Fourteen of the women did not believe their HIV positive test results—for example: “I do not touch sharp objects that belong to other people; I have known only two men in my life, and I think they are not positive” (interviewee 159, aged 35; refused). “I was negative on my first test, and I have not had any changes in behaviour or partners” (interviewee 173, aged 30; refused). All three women who had discontinued the follow up visits for this reason added that they had had no intention of returning again—for example: “I'm sure that I am negative and my baby is fine; it's not sick. If I were positive like they say, I would not be in such good shape! I told the midwife that I would participate because I wanted to get away from her” (interviewee 165, aged 19; discontinued).
Programme staff need to explain that circumstances such as those described in the responses above, and which women may interpret as contributing to, or as being indicative of, a reduced risk or no risk of HIV infection, do not necessarily do either. Women must have accurate information about the circumstances of risk and effective prevention measures.
These reasons included highly personalised reactions—for example: “I was ashamed of myself, to realise that I was infected by AIDS” (interviewee 186, aged 26; refused)—and descriptions of disruptions in women's lives: “I did not see the midwife because the social worker told me to come back another day. But I could not return because my house burned down and I had to move to Marcory [another neighbourhood]. This was a long distance for me, and I didn't have enough money to come here several times” (interviewee 170, aged 22; discontinued).
Although programmes cannot deal with unexpected events that affect women's lives, these examples show the importance of staff demeanour that is supportive of women's feelings and programme policies that are responsive to circumstances that may impede their participation—for example, the costs of transport to the programme could be covered.
Factors associated with the functioning of a programme aiming to prevent transmission of HIV from mother to child created barriers to the participation of pregnant women who knew that they were HIV-1 positive in follow up visits that were necessary before starting zidovudine prophylaxis. For many of the women in the study, these barriers consisted of negative experiences that they had had or expected to have during their interactions with staff working at the programme.
No other studies in Africa have examined why pregnant women who have received HIV positive test results do not participate in antiretroviral prophylaxis after it has been offered to them. Furthermore, research on programme related barriers of any kind to participation in preventing transmission of HIV from mother to child is extremely limited.18,19 This contrasts with family planning, in which service delivery has been examined in order to increase service uptake.20-22 The organisational mechanisms—the policies, procedures, and the routine interactions between staff and clients—through which services for preventing transmission of HIV from mother to child are offered must be effective to increase the likelihood that women will participate.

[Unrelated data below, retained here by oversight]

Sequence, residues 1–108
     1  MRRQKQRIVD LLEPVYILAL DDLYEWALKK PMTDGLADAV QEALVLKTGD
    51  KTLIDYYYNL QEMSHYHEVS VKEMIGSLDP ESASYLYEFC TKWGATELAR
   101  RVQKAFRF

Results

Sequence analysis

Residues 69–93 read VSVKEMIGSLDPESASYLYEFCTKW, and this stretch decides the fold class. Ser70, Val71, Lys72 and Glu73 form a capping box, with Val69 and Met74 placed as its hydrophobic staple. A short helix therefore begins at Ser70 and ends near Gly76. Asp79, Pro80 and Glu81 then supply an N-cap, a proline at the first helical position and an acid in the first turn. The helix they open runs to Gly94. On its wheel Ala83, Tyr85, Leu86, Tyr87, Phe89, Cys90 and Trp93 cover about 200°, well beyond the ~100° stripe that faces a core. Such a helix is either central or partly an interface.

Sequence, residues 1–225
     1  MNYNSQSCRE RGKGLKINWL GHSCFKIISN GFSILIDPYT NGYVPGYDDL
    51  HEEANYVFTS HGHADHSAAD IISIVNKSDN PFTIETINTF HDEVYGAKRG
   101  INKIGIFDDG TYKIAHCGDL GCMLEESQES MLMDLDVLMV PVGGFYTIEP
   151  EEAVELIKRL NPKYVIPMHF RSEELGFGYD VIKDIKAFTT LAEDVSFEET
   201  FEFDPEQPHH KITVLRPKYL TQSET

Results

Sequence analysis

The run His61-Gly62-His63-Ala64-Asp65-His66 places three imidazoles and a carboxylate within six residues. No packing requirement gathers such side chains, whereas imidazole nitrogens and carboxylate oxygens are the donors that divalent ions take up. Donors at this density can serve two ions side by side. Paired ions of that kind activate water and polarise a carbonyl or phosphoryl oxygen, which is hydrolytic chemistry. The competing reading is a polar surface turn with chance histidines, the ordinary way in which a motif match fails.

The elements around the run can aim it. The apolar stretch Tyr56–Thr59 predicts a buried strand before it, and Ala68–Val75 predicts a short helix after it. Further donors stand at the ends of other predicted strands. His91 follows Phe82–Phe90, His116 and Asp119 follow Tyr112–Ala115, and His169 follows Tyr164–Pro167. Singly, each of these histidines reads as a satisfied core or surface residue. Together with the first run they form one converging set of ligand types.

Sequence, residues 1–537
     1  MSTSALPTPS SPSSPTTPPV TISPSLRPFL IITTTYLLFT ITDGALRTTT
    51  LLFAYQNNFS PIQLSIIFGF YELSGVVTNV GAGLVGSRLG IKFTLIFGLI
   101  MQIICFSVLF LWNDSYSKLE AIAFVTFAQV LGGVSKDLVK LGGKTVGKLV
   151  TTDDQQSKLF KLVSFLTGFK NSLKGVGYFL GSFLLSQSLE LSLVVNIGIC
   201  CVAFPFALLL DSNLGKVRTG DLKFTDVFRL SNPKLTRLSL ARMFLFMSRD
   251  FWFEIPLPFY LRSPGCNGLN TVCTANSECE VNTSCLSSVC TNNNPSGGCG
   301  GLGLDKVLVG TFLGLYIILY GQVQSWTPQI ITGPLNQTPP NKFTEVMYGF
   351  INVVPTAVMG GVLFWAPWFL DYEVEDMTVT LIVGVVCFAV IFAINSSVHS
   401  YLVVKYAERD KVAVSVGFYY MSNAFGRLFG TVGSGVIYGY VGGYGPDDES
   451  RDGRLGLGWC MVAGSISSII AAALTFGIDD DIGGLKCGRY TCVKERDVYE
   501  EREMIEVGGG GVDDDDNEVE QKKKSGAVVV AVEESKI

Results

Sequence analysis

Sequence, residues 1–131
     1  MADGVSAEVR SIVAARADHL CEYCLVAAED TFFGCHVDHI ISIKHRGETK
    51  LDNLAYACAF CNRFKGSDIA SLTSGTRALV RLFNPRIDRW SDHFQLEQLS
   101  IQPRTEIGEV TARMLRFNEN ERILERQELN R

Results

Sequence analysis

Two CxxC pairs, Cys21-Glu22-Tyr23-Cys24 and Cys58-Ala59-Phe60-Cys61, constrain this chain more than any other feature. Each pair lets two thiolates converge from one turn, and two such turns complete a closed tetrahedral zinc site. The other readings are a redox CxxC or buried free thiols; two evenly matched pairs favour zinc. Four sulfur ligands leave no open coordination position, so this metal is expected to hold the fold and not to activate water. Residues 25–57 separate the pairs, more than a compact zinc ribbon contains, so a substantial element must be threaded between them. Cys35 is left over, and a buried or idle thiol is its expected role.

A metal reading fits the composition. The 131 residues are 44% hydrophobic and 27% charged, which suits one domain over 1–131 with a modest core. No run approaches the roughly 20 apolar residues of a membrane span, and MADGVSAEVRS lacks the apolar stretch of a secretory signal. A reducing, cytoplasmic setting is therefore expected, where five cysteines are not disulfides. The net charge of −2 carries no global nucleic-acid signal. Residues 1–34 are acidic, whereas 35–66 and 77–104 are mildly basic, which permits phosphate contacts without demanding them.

Many of the women were concerned about their problematic contacts with programme staff, but some of their responses—for example, with regard to fears about disclosure of their serostatus, their understandings, beliefs, and views about HIV risk, transmission of HIV from mother to child, its prevention, and about the programme itself—indicate that efforts may also be needed in the communities where women live. Involving women's partners in the prevention of transmission of HIV from mother to child is widely recognised to be desirable, but this rarely occurs.23-24 Outreach to couples in Zambia has increased participation by women's partners in HIV counselling and testing25; this approach may lend itself to adaptation by programmes that aim to prevent transmission of HIV from mother to child. In addition to media based approaches for disseminating prevention information, outreach focused on couples can provide women and their partners with opportunities outside antenatal settings—where men are rarely seen—to discuss and clarify their understanding of transmission of HIV from mother to child and options for prevention. Outreach to couples and community mobilisation may complement the measures at programme level that are suggested above by contributing to greater social support for women's prevention efforts, thereby increasing their sense of self efficacy and making it easier for them to protect their infants.23-28